Nursing student saves child choking on candy in subway – with technique learned in class

As we often say, most heroes don’t wear capes — and most aren’t even famous.

Although we constantly hear terrible stories of tragedies from all over the world, there are also countless wonderful stories of solidarity and kindness that are worth knowing and spreading to others.

María López was traveling one day in the subway, perfectly unaware that she was about to change the life of a little boy and his family forever.

María López Sánchez, alumna de Cuidados Auxiliares de Enfermería de nuestro centro, está siendo noticia estos días en…

Posted by Ies Aynadamar on Tuesday, 11 December 2018

It was an ordinary day when 18 year-old María López entered a metro station in Granada on November 23. She could not have guessed that it was about to be the trip of her life.

As she sat on the metro, Maria heard the desperate cries of a mother asking for help, according to the IES Aynadamar website, the institute where Maria studied nursing.

“My Son Is Choking!”

The mother shouted: “My son, he’s choking! He’s choking! “, as she patted the 9-year-old boy’s face, desperate to get a reaction.

As the metro’s passengers sat paralyzed in their seats, Maria didn’t think twice: she ran towards the mom and her son.

As she approached, she saw that the boy was red and had his hands wrapped around his neck. Maria also realized that the boy’s color was changing and that he was beginning to turn purple.

Maria knew it was time to put her nursing training to action. Just one month prior to this incident, Maria had learned about cardiopulmonary resuscitation, more commonly known as CPR, according to Antena 3.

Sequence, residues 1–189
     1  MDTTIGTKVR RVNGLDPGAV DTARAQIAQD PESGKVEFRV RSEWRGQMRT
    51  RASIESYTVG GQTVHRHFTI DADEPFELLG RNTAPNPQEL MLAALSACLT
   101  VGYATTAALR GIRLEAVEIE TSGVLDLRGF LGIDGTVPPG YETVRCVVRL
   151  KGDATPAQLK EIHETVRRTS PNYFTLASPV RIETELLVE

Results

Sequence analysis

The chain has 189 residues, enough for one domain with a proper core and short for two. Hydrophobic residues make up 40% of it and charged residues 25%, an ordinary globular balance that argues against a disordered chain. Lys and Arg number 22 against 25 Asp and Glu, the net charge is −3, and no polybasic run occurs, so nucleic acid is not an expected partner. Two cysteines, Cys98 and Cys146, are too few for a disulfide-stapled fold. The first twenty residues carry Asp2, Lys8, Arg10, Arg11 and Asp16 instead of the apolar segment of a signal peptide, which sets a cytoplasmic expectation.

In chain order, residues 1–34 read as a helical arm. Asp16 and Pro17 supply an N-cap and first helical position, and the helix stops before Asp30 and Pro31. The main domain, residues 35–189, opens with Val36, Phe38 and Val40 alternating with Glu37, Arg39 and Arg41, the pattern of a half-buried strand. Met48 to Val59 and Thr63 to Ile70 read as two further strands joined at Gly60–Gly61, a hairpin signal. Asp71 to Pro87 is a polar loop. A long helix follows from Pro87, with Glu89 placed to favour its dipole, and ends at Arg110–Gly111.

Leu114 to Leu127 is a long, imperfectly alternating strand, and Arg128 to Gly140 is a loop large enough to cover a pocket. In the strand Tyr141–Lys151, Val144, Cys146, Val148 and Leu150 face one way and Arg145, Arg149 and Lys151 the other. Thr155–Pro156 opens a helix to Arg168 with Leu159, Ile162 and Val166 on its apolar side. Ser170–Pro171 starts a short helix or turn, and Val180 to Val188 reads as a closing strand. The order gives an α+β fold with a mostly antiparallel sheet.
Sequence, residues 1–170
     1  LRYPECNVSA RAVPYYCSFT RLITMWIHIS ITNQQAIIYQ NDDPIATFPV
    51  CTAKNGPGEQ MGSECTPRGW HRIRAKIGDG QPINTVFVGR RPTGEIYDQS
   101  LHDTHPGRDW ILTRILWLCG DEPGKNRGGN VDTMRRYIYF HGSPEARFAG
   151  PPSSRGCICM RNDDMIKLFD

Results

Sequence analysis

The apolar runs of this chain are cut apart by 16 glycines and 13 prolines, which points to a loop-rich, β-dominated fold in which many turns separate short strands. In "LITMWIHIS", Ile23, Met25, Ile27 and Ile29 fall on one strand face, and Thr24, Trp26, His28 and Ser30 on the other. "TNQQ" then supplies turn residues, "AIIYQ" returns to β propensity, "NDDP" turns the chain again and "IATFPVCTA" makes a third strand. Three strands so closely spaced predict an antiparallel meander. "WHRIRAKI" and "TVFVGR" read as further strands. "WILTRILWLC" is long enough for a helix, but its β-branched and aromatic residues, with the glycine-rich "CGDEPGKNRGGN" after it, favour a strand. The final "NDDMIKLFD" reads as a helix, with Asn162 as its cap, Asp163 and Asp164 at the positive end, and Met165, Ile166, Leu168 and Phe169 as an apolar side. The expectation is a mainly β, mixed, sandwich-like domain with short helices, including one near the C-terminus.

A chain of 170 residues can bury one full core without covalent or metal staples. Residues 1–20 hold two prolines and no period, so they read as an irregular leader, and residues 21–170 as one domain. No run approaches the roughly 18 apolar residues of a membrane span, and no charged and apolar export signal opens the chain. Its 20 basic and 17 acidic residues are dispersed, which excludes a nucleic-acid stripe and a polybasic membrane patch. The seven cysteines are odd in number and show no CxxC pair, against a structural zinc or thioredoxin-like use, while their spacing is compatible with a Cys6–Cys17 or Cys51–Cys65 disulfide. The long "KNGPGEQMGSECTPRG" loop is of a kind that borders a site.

“I didn’t even think about it,” María told local paper Granada Hoy. “I saw that people were not reacting and I got upset.”

Maria placed the child on her lap and began applying the Heimlich maneuver. She soon managed to get the child to vomit and eject the piece of candy he’d been choking on.

María recalls that the day she took her theoretical class, it “did not go so well.” But thankfully, in real life, “everything worked out,” María told Granada Hoy.

“Thank You For Helping Me”

The boy soon regained his strength at which point his first words were: “Thank you for helping me.”

It’s clear that Maria is going to be a great health professional. Not only has she demonstrated that she is capable of applying the knowledge she learned in school very well, but she has also demonstrated that she has the courage and temperament to react in emergency situations.

It’s so fortunate that Maria happened to be there at that precise moment. The child and his family will be eternally grateful to her for saving his life.

I wanted to share this story to join in the gratitude and applaud Maria — without a doubt, this young woman deserves everyone’s recognition.